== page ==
Energy conservation and joint protection training has been extensively studied since it was first introduced to determine its effectiveness. Many studies such as the ones conducted by Gerber et al. (1987), Furst et al. (1987), Taal et al. (1993), Helewa et al. (1991), Nordenskiold (1994 & 1997), and Hammond (1998) have found that subjects reported feeling less pain and fatigue during their daily activities after they began to utilize energy conservation and joint protection techniques throughout their day. One of the studies mentioned above, conducted by Nordenskiold (1994), found that after a period of 7 years, people continued to experience a decrease in pain, and an increase in their ability to carry out all work, self-care, and leisure activities. Not only do these techniques help to improve the physical well being of persons who suffer from RA, but they also help to improve their psychological well being. As one's ability to participate in daily activities decreases, feelings of anxiety and depression typically result. The unpredictable course of this disorder only increases these feelings as people begin to feel that they do not have control over their own bodies. These feelings can then cause the perception of pain to increase, and efforts to engage in daily activities to decrease, resulting in a further deterioration of one's health status (Taal, Riemsma, et al., 1993). Providing those who suffer from RA with information regarding ways manage their own arthritis, and prevent or delay its progression, provides people with a sense of control over their body and therefore helps to alleviate feelings of anxiety and depression.



The last idea that will be illustrated in this web site is assistive devices. Assistive devices include anything that makes the performance of tasks and activities easier to accomplish. The use of assistive devices is a normal, everyday occurrence in the lives of most individuals. For example, forks are used to help people eat, washcloths are used to assist in bathing, and dishwashers are used to help wash dishes. Assistive devices help those with RA conserve their energy and protect their joints by helping people to complete an activity (i.e., a manual can opener), or by doing it for them (i.e., a dishwasher). An extensive study was conducted by Nordenskiold et al., (1998) to determine which types of assistive devices were most useful to persons with RA. These devices, as well as those recommended by the Arthritis foundation and other sources, are also presented within this web site.



Because this web site is intended to provide advice regarding energy conservation and joint protection to anyone who uses the Internet, the techniques described within this site can only serve as an introduction to this area of treatment. For obvious reasons, the designer of this site was unable to interview everyone who will use it and specify it to their specific needs. The activities of dressing, bathing, cleaning, cooking and shopping were chosen because they are activities that almost everyone carries out on a daily basis. Other techniques which do not relate to these activities have also been described within the site to make it more useful. However, there are many more energy conservation and joint protections tips that can be provided to meet your specific needs, and there are also many additional assistive devices that can be used as well. For example, for those who like to golf, there are many energy conservation tips that can be utilized during the game that just could not be described within this site because it is intended for such a large audience. Therefore, please consult your physician or a local occupational therapist to be provided with individualized advice regarding energy conservation, joint protection, and assistive devices that can specifically meet the needs of your lifestyle, job, and/or desired leisure activities. Remember that utilizing these techniques will not cure your disease, but rather allow you to take control of its progression so that you can stay independently active in your life for as long as possible!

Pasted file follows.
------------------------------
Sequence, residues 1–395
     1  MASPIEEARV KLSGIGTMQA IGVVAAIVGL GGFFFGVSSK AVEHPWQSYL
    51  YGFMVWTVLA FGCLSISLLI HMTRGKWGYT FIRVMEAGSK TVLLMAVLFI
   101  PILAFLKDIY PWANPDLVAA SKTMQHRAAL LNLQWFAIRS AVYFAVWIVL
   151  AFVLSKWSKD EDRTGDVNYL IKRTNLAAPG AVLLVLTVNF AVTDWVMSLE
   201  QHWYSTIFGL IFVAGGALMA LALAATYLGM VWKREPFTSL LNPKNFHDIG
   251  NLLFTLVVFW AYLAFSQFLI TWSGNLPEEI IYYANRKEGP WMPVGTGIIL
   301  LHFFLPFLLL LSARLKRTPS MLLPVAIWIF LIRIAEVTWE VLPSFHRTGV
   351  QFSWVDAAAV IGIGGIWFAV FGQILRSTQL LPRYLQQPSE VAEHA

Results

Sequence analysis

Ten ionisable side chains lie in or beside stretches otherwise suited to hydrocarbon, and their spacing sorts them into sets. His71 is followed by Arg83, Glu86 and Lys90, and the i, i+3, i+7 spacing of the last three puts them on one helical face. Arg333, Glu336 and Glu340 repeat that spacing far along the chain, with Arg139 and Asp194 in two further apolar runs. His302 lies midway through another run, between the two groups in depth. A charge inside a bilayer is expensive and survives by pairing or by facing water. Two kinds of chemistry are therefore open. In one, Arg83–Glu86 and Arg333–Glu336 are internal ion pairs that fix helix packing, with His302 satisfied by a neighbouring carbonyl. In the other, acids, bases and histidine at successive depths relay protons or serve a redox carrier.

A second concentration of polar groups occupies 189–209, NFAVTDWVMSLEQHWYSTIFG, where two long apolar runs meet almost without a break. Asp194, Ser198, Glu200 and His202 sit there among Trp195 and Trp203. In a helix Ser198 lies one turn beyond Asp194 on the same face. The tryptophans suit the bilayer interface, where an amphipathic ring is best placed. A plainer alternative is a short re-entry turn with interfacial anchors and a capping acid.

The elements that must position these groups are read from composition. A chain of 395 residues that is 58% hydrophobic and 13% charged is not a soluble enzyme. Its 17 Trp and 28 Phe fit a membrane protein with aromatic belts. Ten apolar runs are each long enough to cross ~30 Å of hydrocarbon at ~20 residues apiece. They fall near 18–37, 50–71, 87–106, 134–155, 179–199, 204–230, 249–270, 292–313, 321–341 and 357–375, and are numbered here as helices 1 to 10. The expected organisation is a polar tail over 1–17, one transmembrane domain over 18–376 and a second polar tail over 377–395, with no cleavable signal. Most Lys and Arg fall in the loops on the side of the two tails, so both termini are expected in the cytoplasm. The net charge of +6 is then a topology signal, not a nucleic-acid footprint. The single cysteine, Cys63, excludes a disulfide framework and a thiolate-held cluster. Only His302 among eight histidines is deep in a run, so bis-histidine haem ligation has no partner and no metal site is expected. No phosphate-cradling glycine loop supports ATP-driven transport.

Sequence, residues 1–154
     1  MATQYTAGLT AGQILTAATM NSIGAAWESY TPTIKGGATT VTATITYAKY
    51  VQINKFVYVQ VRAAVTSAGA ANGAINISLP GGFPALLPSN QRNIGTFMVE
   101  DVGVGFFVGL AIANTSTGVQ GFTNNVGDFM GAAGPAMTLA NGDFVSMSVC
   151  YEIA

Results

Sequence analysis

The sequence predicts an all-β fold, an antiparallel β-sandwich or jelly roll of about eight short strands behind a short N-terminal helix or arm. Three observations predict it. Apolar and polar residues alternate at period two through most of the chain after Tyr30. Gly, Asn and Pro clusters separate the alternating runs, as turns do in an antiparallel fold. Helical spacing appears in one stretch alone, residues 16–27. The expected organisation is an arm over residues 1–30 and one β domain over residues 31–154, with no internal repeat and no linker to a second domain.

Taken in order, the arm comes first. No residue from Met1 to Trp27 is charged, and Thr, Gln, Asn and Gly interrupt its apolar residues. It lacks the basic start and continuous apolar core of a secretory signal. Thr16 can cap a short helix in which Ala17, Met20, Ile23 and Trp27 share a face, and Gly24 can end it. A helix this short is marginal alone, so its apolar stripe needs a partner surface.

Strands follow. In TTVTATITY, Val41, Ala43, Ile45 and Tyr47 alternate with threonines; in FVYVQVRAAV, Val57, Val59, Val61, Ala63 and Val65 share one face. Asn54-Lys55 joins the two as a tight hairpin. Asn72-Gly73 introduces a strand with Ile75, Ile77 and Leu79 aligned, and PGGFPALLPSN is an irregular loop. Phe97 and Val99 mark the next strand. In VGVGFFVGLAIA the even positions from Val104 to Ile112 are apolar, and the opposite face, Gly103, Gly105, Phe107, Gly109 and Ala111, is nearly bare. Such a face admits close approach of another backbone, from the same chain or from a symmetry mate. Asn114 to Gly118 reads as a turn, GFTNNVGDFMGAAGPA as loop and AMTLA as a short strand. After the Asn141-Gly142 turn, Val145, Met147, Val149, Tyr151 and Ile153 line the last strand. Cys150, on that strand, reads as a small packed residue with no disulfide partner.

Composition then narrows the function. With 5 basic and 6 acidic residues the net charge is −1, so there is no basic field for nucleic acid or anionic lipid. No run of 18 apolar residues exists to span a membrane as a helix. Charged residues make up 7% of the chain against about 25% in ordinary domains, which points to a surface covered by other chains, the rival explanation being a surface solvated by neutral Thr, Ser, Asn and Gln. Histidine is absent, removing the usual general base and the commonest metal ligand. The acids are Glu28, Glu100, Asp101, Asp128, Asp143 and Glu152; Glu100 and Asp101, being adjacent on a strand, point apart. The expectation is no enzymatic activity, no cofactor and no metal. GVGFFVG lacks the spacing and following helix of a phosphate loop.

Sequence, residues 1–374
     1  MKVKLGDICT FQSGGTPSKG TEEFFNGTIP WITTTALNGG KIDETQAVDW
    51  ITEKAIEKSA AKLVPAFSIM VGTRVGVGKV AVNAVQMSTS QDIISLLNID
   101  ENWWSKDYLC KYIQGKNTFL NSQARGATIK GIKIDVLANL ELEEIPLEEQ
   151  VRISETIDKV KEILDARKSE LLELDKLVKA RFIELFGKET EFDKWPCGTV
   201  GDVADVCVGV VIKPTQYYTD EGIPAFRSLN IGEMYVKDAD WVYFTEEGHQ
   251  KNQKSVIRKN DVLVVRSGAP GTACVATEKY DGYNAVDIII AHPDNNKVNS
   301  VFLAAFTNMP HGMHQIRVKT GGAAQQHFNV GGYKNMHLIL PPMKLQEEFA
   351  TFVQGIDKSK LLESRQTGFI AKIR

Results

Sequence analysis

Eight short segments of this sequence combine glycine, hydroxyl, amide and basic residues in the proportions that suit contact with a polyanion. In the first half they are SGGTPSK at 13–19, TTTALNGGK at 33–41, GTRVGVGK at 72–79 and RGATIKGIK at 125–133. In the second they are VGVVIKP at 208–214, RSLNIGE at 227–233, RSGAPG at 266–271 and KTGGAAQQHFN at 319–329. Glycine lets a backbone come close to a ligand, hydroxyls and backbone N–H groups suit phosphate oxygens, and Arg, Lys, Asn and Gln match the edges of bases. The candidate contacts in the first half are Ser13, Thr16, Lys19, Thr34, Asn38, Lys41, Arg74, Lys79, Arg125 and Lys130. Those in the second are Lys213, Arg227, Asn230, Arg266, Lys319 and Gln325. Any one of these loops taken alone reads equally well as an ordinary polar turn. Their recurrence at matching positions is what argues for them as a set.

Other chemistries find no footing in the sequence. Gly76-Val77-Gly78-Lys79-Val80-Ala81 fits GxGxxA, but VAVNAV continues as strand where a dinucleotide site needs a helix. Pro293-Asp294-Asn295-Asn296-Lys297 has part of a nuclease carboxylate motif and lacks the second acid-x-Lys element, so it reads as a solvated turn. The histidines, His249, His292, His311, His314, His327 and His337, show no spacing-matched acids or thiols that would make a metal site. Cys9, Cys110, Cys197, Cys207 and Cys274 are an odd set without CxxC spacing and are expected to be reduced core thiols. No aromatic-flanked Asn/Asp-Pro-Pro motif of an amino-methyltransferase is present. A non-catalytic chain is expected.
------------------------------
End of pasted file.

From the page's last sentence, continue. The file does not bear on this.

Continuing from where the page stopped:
**The techniques and devices mentioned are generally acceptable for the population at large. However, for some individuals, in some circumstances, these techniques and devices may not be appropriate. Therefore, this article is not intended to replace or compensate for the advice of a physician. Please contact your physician, or a local occupational therapist before using these techniques or devices to make sure that they are appropriate for you.**

[References] [Return to top of page]

Created 1/02 by Megan Belton©

Occupational Therapy student

D'Youville College